Received date: January 05, 2016; Accepted date: January 28, 2016; Published date: February 07, 2016
Citation: Geiker NRW, Thomsen H, Astrup A (2016) Willingness among Obese Pregnant Women to Accept MRI Scan. Matern Pediatr Nutr 2:106. doi: 10.4172/2472-1182.1000106
Copyright: © 2016 Geiker NRW, et al. This is an open-access article distributed under the terms of the Creative Commons Attribution License, which permits unrestricted use, distribution, and reproduction in any medium, provided the original author and source are credited.
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Background/Aim: Magnetic resonance imaging (MRI) is considered safe to perform during pregnancy. In spite of this many women are reluctant to undergo the examination. Weight gain is to be expected during pregnancy, but little is known about changes in the compartmentalization of abdominal fat. We therefore undertook a study of the willingness of obese women to undergo MRI during pregnancy. Method: Obese pregnant women, body mass index (BMI) 30-45 kg/m2, participating in a weight management intervention study, were offered three MRI scans to be performed during pregnancy. One hundred and one women were offered MRI scanning in gestational week (GW) 15, 64 in GW 32, and 45 in GW 40. Results: Of 106 women offered MRI scans 102 completed (96%) at least one scan. In total 177 out of 210 possible scans were completed. The proportion of women who completed first, second and third MRI scans were 96%, 83% and 61% respectively. Primary cause for incomplete MRI scans were no-show (45%); no reported concern for safety as a cause. Conclusion: A majority of the women accepted MRI scans in GW 15, 32 and 40. Thorough, information about the safety of the method, and the applicability of the results, encouraged participation.
Magnetic resonance imaging; Diagnostic radiology; Gestational weight gain; Pregnancy; Obesity
BMI: Body Mass Index; GWG: Gestational Weight Gain; GW: Gestational Week; MRI: Magnetic Resonance Imaging
Overweight and obese pregnant women are at increased risk of developing serious complications related to pregnancy and childbirth due to their excessive weight and gestational weight gain (GWG) [1-3]. More than 60% pregnant with BMI above 30 kg/m2 exceed the BMI specific Institute of Medicine guidelines for GWG, thereby being at increased risk of developing gestational diabetes, hypertension, preeclampsia and preterm birth [4-6]. Apart from excessive GWG posing a risk during pregnancy, suboptimal maternal dietary intake is associated with fetal adiposity and abdominal fat distribution, maternal weight retention after birth, and the offspring being large for gestational age [1,7-9].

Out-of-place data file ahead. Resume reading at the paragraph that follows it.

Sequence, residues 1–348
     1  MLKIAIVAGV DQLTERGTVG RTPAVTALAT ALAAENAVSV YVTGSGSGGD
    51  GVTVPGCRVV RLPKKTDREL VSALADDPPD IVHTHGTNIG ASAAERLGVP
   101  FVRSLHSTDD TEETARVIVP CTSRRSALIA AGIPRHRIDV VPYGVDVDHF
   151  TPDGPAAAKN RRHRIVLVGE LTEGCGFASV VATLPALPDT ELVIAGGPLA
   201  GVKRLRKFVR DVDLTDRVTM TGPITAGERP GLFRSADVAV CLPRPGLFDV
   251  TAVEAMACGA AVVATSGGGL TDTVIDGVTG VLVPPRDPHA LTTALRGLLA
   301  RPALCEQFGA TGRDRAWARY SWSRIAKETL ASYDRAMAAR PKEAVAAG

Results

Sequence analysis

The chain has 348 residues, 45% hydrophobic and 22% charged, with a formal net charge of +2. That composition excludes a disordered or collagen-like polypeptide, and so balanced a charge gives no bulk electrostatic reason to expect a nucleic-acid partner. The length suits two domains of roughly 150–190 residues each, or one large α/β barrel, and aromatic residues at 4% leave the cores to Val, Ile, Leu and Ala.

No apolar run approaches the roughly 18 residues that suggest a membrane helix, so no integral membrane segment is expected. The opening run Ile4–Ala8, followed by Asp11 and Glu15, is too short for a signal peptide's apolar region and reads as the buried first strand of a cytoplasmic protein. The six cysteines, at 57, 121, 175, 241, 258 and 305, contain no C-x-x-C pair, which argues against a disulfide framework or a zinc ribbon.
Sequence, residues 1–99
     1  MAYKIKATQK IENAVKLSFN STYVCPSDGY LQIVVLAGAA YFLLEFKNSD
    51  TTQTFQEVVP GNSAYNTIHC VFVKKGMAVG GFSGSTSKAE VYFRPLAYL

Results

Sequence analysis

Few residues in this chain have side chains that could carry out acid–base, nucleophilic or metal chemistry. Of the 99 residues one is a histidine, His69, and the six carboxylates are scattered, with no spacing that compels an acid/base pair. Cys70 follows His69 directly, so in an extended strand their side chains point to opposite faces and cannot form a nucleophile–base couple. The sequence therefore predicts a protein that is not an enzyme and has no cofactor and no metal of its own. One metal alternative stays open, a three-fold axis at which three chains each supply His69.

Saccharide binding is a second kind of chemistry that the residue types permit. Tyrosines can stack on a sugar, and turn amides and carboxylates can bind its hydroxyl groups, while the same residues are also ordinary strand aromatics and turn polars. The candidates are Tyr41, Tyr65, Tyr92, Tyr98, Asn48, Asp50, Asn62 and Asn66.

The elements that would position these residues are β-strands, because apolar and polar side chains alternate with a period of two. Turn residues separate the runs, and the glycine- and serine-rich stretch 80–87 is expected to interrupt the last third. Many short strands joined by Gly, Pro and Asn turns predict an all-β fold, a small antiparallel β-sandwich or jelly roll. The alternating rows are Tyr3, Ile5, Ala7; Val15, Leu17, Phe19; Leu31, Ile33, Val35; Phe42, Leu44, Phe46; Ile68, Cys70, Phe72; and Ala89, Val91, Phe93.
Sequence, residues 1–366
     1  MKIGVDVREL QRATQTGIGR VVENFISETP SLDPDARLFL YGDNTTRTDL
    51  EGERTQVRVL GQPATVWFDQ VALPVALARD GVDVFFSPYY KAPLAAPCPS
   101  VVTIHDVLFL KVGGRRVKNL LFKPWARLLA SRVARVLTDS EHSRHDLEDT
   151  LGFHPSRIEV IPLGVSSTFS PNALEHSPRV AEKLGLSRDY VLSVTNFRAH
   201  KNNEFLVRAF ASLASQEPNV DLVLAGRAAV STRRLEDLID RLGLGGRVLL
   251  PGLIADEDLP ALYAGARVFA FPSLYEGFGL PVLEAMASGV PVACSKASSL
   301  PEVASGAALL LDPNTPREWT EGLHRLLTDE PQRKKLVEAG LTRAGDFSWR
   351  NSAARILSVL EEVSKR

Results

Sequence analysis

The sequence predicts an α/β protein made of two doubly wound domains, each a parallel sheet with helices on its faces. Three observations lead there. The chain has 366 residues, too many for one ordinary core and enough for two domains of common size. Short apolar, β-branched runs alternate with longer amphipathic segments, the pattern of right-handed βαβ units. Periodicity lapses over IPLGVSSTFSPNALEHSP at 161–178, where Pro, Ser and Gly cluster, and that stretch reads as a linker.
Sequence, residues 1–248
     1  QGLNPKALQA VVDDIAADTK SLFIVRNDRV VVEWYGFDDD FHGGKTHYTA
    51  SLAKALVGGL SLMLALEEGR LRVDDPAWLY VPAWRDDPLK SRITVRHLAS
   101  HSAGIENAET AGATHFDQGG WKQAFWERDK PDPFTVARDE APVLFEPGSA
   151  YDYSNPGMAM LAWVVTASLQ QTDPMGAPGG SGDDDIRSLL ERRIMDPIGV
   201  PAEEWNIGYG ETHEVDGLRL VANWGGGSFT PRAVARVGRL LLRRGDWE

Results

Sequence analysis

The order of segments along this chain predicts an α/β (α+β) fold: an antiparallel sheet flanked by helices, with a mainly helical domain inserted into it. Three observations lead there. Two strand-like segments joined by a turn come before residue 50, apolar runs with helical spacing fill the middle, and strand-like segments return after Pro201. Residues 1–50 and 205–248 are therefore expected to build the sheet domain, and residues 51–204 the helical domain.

Weight gain is required during pregnancy, but little is known about concomitant change in maternal abdominal fat compartments and accompanying changes in metabolism. Magnetic resonance imaging measures body composition accurately, and it is safe to perform during pregnancy [10,11]. Many women might refuse to undergo a MRI scan during pregnancy due to concerns about impact on the fetus, so we investigated the willingness of pregnant women enrolled in a dietary intervention trial to undergo MRI.
Obese pregnant women, BMI 30-45 kg/m2, enrolled into the weight management intervention study approach, were offered three MRI scans to be performed in gestational week (GW) 15, 32 and 40. We registered the cause of any canceled or failed scans when possible.
All women received written and oral information before giving consent. The study was approved by Ethical Committee for the Regional Capital of Copenhagen H-3-2013-119, and registered at Clinical trials as NCT01894139.
All the women were given oral and written information of the MRI scans prior to inclusion in the study. They were informed that the MRI apparatus is an open machine using magnetic and radio waves, and that it does not emit X-rays or any other type of radiation. They were told that the large magnet causes a banging noise while the scanner is in operation, and that they will be provided with hearing protection. All current evidence indicates that measurements can be repeated without any danger to either woman or foetus, and the women were assured that the MRI scans were completely voluntary. The women were also informed of the specific purpose of MRI; that is to measure the change in subcutaneous and visceral adipose tissue, liver and muscle fat, during pregnancy, and that MRI measures these parameters precisely and reliably.
All MRI scans were performed at Copenhagen University Hospital Herlev, Department of Diagnostic Radiology, on Thursdays between the hours of 3 and 8 p.m. The measurements were performed to investigate the change in subcutaneous, visceral, liver, and muscle fat, during pregnancy. MRI measurements were performed using an open Panorama 1.0T system (Phillips, Besr Netherlands) with a Sense Body XLarge coil (Figure 1). Each MRI examination took 30 minutes.
The results were two simple categorical variables 90 so data were registered in Excel (Microsoft) and statistical calculations were performed in this program. Data are shown as true values and percentages.